Wednesday, 13 January 2016
Algorithms to derive Aerosol Optical Depth(AOD)from satellites rely on several assumptions, one of which is an assumption about the type of aerosol present in the atmosphere and its optical properties. In the Suomi National Polar Orbiting (SNPP) Visible Infrared Imaging Radiometer Suite (VIIRS) AOD retrieval algorithm, five aerosol models (dust, high absorbing smoke, low absorbing smoke, clean urban, polluted urban aerosols) are used to generate Look-Up Tables (LUTs) to invert satellite-measured radiances into AODs. The algorithm dynamically chooses a particular aerosol model based on a minimization of the multispectral reflectances based on direct radiative transfer using mainly the M3 (488 nm) and M5 (675 nm) bands. To investigate the ability of the algorithm to chose an aerosol model accurately, it is useful to compare the VIIRS Aerosol Model Index (AMI)against an alternative VIIRS based approach. Using the same satellite is useful to remove many satellite specific issues such as geolocation and observational time. In particular, a very simple band ratio approach has been developed as a way to qualitatively differentiate between clear sky, dust, and smoke episodes. The two complementary indices used are Dust Aerosol Index and Non-Dust Aerosol Index computed using reflectances measured at 412, 445, and 2250 nm. Spectral differences in aerosol absorption of dust and smoke, Rayleigh scattering, and surface reflectance allows the use measurements at these wavelengths to provide information on the presence of dust and smoke in the atmosphere. In this study, we assessed the performance of the VIIRS AMI by comparing its spatial structures to Dust/Smoke Index. Since the AMI classification is based on the optical properties of the aerosols which are Optical depth specific, it is also useful to consider the VIIRS derived AOD as a separate parameter when making these comparisons.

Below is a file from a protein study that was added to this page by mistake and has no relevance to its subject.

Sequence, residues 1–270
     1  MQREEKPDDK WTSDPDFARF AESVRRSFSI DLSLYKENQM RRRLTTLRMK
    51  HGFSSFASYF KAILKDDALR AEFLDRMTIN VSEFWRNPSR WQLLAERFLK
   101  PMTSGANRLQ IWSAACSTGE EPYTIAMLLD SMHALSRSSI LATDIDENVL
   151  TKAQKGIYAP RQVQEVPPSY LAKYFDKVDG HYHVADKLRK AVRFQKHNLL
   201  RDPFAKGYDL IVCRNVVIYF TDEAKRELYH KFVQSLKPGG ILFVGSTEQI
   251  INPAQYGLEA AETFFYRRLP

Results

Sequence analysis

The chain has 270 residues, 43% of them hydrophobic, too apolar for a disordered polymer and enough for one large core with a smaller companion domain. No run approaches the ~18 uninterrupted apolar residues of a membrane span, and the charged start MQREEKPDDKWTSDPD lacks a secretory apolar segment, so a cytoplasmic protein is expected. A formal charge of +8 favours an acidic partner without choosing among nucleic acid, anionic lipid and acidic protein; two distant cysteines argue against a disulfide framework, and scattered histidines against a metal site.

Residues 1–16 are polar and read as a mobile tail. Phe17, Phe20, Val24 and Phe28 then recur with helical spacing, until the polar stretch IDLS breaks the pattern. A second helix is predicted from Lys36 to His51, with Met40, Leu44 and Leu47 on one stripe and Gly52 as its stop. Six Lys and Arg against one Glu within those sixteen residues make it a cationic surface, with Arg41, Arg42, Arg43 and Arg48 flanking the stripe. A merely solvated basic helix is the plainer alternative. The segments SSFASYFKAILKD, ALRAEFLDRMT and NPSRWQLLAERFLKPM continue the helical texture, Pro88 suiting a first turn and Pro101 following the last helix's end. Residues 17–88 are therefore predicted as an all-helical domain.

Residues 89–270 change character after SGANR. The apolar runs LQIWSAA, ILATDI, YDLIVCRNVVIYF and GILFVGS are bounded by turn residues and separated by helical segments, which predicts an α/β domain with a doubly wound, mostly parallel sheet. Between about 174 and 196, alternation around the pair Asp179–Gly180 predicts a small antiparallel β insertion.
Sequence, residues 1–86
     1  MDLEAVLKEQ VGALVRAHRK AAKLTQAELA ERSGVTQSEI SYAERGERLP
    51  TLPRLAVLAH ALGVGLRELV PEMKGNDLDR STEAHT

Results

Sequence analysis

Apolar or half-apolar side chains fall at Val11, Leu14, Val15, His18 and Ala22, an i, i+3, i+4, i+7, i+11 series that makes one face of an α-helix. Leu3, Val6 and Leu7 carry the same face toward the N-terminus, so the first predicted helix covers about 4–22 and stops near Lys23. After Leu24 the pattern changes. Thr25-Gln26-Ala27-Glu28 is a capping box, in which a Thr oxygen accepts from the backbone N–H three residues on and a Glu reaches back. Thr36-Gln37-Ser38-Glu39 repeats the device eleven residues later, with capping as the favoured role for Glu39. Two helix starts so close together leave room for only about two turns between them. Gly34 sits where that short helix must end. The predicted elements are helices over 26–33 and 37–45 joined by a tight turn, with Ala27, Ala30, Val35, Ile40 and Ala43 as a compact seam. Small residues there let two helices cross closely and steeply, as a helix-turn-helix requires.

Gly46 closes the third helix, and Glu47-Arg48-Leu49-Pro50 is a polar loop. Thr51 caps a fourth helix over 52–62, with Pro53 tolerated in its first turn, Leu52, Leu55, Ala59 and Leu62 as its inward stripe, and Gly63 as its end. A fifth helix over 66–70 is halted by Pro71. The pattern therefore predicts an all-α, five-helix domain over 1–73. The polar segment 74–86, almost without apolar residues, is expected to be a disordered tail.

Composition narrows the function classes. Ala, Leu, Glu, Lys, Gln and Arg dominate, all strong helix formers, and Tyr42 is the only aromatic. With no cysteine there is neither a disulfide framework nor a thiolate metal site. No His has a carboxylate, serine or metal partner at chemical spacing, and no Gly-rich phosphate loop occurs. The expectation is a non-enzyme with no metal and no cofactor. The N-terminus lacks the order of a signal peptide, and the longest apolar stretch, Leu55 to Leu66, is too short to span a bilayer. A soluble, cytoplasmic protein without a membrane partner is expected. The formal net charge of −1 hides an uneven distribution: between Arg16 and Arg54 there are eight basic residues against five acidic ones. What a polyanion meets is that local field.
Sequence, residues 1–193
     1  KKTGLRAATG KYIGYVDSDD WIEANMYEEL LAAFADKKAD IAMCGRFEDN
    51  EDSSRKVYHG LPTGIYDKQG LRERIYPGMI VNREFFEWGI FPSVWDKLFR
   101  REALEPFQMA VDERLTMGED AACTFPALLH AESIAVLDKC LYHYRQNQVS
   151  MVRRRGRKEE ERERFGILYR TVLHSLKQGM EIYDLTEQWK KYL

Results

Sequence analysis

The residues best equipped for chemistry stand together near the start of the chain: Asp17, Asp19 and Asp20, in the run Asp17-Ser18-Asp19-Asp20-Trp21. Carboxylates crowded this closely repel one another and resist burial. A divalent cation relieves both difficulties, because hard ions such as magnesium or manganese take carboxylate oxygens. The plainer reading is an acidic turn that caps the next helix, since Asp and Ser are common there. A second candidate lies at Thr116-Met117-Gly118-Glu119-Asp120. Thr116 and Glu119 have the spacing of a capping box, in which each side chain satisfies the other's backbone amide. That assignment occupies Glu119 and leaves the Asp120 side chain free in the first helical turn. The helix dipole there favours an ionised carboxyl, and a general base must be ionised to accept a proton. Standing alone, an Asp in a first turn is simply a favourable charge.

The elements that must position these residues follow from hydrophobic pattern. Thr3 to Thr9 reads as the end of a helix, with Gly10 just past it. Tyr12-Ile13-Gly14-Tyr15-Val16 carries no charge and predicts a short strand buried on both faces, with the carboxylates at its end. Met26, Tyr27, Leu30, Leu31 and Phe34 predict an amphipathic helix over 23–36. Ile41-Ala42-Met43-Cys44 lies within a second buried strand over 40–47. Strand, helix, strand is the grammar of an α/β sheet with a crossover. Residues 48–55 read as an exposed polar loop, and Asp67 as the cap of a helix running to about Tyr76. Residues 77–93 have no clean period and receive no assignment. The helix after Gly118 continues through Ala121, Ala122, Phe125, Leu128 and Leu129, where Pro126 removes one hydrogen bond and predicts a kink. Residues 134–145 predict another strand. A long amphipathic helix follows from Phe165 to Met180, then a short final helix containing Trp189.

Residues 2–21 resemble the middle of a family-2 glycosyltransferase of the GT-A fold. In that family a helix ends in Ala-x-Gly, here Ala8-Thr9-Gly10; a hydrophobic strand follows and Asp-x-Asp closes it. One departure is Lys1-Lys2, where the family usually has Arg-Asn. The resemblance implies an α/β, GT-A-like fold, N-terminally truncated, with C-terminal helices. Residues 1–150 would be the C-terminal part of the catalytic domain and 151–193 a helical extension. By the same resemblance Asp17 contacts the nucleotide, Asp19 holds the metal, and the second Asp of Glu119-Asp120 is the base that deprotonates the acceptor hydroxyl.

We used one year of VIIRS data products for standard statistical analysis including metrics based on a suitable truth table for each class including dust, clear, thick and thin smoke. The analysis focuses on treating the dust/smoke mask as a truth data set to evaluate the AMI using metrics such as Probability of Correct Detection (POCD), Accuracy, and False Alarm Ratio(FAR). Spatial and temporal analysis of the results based on one year of VIIRS data, including time series and global/regional frequency maps, will be presented.
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